“Speed and Strategy” by Yi Liu. Terrestrial Wildlife Winner. Although they’re the fastest land animals in the world, catching prey is no easy feat for a cheetah (Acinonyx jubatus). The mostly treeless terrain of the African savanna gives antelopes, impalas, and other ungulates ample time to spot approaching predators, and even a slight head start can be the difference between life and death. To avoid alerting their prey, cheetahs start out hunting low to the ground, where their spotted coat helps them blend into the terrain. When they get within 60 meters (200 feet) of their target, cheetahs accelerate at a blistering pace, reaching 95 kilometers (60 miles) per hour in a matter of seconds. But the feline predators still have to account for the speed of their prey—in this case an impala (Aepyceros melampus), which can zig-zag at upwards of 80 kilometers (50 miles) per hour. To close the gap, this cheetah tripped its quarry as it attempted to escape, proving that sometimes, strategy is just as important as speed.
“Hippo Huddle” by Talib Almarri. Terrestrial Wildlife Finalist. Each winter, as the waters of Botswana’s Okavango River spread across its vast delta, an array of African wildlife congregates to eat, drink, splash, and soak. This seasonal wetland was especially important in 2019, when severe drought left human and animal populations alike desperate for water. Cattle, elephants, crocodiles, and other creatures were left to vie for any water they could find in the delta’s shrinking pools. Among those seeking refuge were herds of hippopotamuses (Hippopotamus amphibious). These semi-aquatic herbivores are well-equipped for spending hours each day in the water—their nostrils and eyes located so high on their head that they can breathe and see while mostly submerged. They’re also graceful swimmers, and can hold their breath for up to five minutes. But even their aquatic abilities and impressive heft were no match for last year’s muddy, drought-stricken delta. At least 200 hippos became trapped in the mud, and managed to survive only because Botswana wildlife officials pumped in water to help them escape. As the climate warms, such droughts may become more frequent across much of Africa.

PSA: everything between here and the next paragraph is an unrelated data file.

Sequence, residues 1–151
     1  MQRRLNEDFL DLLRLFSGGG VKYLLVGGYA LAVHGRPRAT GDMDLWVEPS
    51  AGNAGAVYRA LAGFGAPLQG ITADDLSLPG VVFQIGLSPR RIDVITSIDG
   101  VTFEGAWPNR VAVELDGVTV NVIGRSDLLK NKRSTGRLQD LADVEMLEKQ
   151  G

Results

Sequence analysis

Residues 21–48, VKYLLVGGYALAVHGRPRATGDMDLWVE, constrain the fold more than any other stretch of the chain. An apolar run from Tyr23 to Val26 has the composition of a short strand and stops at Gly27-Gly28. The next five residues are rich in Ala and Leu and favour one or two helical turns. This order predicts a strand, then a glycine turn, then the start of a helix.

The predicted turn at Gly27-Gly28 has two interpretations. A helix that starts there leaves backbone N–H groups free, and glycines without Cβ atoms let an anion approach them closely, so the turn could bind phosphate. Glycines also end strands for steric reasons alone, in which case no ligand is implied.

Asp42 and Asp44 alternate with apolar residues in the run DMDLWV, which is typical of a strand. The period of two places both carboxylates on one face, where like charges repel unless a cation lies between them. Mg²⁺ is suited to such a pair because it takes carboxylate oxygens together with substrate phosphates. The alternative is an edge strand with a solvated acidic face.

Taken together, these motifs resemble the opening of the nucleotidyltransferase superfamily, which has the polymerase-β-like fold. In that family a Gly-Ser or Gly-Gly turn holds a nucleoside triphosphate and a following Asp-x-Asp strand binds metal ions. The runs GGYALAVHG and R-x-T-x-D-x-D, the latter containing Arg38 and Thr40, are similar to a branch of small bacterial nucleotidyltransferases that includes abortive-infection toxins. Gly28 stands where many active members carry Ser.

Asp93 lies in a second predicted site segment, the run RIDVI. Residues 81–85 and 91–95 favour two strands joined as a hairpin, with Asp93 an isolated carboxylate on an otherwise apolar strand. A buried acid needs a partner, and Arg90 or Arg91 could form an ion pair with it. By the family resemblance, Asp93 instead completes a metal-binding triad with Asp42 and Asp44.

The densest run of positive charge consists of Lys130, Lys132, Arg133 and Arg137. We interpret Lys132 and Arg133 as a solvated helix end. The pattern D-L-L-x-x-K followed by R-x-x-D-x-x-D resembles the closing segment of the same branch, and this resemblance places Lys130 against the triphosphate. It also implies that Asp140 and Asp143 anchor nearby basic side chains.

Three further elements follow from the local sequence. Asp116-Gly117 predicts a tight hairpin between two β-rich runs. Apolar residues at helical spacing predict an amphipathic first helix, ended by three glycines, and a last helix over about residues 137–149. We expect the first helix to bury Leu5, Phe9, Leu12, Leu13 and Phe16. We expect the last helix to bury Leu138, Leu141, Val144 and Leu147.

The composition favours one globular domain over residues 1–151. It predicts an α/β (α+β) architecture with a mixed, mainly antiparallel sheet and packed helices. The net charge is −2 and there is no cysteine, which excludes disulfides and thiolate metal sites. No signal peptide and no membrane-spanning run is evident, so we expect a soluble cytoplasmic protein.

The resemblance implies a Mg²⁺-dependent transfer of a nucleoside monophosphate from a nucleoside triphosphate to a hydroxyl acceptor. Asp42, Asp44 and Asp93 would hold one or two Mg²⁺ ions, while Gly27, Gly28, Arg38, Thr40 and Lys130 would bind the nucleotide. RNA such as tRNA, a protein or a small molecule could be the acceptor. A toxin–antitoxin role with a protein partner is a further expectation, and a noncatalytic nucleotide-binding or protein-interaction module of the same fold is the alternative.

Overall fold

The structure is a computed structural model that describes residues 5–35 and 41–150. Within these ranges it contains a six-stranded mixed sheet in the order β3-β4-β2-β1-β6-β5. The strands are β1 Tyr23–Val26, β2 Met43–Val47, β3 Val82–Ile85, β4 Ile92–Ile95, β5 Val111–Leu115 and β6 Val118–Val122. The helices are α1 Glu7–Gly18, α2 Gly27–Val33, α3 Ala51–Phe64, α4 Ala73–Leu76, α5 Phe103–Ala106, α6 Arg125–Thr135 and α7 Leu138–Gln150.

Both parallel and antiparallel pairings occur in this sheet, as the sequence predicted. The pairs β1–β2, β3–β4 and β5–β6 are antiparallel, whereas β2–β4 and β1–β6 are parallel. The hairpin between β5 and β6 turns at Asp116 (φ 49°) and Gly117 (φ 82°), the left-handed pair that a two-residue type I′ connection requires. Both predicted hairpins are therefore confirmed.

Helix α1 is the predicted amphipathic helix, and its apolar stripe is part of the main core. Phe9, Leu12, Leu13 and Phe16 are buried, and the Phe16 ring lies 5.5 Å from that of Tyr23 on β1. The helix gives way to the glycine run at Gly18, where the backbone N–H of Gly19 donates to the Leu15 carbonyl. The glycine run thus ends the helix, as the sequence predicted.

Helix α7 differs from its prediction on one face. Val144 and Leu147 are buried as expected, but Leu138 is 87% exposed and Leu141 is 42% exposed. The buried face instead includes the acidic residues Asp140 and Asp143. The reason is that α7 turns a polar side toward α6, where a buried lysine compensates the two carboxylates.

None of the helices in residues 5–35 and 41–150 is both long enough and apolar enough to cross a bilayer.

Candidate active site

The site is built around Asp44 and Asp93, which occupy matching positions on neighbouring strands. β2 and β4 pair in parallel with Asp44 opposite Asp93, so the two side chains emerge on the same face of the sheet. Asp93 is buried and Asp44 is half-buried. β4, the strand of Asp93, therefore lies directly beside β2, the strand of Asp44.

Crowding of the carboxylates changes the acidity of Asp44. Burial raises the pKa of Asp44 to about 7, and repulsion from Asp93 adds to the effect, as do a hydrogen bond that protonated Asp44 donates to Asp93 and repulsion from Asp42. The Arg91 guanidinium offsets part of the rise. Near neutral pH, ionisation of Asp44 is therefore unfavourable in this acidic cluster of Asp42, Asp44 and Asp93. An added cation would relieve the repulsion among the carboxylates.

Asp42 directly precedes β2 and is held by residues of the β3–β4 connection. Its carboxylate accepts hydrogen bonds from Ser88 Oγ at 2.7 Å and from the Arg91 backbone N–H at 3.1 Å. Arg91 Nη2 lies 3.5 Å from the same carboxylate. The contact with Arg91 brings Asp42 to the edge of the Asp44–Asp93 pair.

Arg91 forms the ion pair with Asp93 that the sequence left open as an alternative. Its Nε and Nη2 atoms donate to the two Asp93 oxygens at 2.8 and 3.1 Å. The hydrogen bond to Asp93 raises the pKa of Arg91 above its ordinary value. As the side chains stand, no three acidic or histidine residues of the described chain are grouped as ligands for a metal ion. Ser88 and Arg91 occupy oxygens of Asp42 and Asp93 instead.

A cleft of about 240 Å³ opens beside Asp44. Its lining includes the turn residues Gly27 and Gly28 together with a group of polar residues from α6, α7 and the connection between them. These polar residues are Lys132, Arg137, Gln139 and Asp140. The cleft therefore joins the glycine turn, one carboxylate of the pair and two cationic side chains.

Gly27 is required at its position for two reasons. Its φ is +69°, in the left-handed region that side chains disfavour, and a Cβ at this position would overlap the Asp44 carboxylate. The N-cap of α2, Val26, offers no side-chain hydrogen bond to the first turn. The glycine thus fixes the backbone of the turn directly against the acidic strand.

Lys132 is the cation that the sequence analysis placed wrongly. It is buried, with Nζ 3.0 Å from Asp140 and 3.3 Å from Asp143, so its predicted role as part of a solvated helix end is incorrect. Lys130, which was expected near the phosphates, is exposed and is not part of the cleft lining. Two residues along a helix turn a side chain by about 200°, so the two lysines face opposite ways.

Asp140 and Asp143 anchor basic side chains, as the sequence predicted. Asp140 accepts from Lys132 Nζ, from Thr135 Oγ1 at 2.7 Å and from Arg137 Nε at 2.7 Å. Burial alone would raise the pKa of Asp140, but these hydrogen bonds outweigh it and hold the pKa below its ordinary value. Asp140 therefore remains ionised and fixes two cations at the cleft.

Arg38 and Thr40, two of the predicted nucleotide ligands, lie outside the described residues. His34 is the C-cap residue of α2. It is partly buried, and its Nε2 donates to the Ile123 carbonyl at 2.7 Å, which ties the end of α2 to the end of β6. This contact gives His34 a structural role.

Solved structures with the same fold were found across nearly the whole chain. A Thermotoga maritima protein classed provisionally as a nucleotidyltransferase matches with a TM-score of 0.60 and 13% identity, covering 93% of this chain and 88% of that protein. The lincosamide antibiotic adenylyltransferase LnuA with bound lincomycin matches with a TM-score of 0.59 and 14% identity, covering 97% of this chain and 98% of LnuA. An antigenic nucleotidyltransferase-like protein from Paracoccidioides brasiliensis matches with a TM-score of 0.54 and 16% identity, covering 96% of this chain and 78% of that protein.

“A River Gone Awry” by Juan Jesús González Ahumada. Art of Nature Winner. Along the Río Tinto in western Spain, layers of multicolored sediment combine with blood red water to produce an otherworldly effect. But the strange coloration—shown here in a photo of cracked mud at the river’s edge—has familiar origins: Runoff from millennia of mining in the surrounding Sierra Morena has caused rampant acidification and toxic levels of dissolved metals. The pollution is so extreme that NASA has used the river and the resilient microbes that call it home as a proxy for the conditions for life on Mars. Unsurprisingly, the water is unusable for the communities that live near it—at least for now. In 2016, a collaboration between a team of Spanish researchers looking into the mineralogy of the river and a group of French researchers seeking to decontaminate it made an important discovery. When the water was purified, the leftover solids contained a high concentration of microscopic aluminum particles, a valuable commodity which can be sold to offset the cost of decontamination.